What challenges have you faced on the police force as a result of your race, gender, and/or sexual orientation?
What changes are needed to address those challenges?
How does your organization address those needs?
Each person who registered was allowed to submit questions prior to the form. We will look at the questions asked and try to bring them into our symposium in April.
Do you think departments hiring so many veterans who may have PTSD or an "us versus them" mindset is helping or hurting the reputation of police across the country?
Local law enforcement recruitment efforts include a variety of media services. What kinds of checks and balances are in place to make sure that there are wide-ranging messages to include LGBT, racial groups, and women?
Do you believe re-allocating funding (perhaps away from purchasing the military surplus items) to provide more emergency mental health counselors who can respond to calls pertaining to mental health crises would improve community relations between police and their communities?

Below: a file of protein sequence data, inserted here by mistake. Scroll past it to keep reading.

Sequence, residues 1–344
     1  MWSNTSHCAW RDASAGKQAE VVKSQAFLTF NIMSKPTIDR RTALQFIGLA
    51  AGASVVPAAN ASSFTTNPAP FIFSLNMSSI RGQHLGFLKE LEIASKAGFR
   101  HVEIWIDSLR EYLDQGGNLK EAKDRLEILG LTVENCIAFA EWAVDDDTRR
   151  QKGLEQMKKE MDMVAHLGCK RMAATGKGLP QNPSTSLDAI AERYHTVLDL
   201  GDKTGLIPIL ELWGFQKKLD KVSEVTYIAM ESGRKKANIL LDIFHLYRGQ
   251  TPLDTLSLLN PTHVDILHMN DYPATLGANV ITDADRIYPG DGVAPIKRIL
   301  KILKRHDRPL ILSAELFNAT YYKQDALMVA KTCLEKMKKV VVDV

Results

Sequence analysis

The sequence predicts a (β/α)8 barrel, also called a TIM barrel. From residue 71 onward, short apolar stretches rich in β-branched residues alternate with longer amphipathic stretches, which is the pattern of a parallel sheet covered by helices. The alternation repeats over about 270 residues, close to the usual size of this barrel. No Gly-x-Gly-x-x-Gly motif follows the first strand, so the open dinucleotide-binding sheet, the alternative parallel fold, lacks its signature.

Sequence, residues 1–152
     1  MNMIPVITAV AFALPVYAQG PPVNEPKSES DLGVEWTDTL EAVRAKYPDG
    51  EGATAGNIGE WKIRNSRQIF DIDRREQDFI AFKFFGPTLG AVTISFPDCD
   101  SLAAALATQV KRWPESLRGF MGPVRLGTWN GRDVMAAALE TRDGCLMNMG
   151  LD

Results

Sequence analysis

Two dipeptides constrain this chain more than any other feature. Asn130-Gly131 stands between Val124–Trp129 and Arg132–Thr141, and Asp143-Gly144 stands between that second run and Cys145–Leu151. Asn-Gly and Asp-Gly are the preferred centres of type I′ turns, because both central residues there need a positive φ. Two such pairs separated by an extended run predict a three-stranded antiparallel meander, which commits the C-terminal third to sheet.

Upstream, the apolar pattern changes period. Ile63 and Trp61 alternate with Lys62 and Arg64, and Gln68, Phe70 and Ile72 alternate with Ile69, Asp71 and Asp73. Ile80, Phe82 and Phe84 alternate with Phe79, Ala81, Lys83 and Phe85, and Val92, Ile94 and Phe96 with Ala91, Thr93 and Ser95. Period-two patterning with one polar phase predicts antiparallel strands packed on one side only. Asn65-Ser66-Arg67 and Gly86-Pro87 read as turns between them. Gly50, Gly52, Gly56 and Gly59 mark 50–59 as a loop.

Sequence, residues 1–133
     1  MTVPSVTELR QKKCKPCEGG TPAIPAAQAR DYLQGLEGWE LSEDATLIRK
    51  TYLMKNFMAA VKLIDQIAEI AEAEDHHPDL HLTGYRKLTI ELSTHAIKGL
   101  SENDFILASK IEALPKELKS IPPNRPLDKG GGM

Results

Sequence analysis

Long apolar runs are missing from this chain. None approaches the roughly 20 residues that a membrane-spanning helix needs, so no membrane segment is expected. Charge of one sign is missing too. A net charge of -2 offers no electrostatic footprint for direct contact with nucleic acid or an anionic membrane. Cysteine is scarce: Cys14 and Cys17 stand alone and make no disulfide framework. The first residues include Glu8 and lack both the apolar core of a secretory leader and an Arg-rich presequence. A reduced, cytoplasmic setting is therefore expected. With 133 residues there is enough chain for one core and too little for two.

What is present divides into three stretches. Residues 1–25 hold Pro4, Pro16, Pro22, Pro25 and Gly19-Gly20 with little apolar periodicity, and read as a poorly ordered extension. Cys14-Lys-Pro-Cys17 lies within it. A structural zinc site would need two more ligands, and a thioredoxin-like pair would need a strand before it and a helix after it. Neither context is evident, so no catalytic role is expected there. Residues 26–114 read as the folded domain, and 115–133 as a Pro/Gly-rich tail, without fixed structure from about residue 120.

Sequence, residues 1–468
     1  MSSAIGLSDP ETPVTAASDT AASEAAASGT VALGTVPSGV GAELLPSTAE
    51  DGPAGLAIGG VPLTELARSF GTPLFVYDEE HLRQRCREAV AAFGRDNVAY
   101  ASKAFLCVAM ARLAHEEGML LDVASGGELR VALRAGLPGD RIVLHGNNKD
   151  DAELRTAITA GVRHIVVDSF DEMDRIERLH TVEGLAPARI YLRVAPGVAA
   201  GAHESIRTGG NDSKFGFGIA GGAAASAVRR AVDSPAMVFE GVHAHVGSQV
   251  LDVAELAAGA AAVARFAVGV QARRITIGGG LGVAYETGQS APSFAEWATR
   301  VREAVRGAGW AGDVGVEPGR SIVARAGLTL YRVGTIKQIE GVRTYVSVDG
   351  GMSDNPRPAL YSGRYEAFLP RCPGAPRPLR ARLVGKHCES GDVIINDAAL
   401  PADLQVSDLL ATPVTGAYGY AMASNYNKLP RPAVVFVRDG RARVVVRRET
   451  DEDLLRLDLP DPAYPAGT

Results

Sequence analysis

How do you recruit minorities so that your department represents your community if you currently have no minorities in the small department (44 sworn), and are on the low end of the competition when it comes to pay for your area?
In the past, there have been short but effective but campaigns to increase diversity in law enforcement, be it for women and/or for minorities. What do you feel will be the long-term solution to help create lasting, effective change in creating true diversity in the industry and at all levels within the ranks?
What strategies can be implemented to create safe spaces for law enforcement to explore personal bias?
As members of law enforcement and as African American individuals, how does one address the duties of policing with fairness and objectivity and still be empathetic to the experiences of the African American community without backlash from professional peers and being able to engage with your own community and not have them see you as the enemy?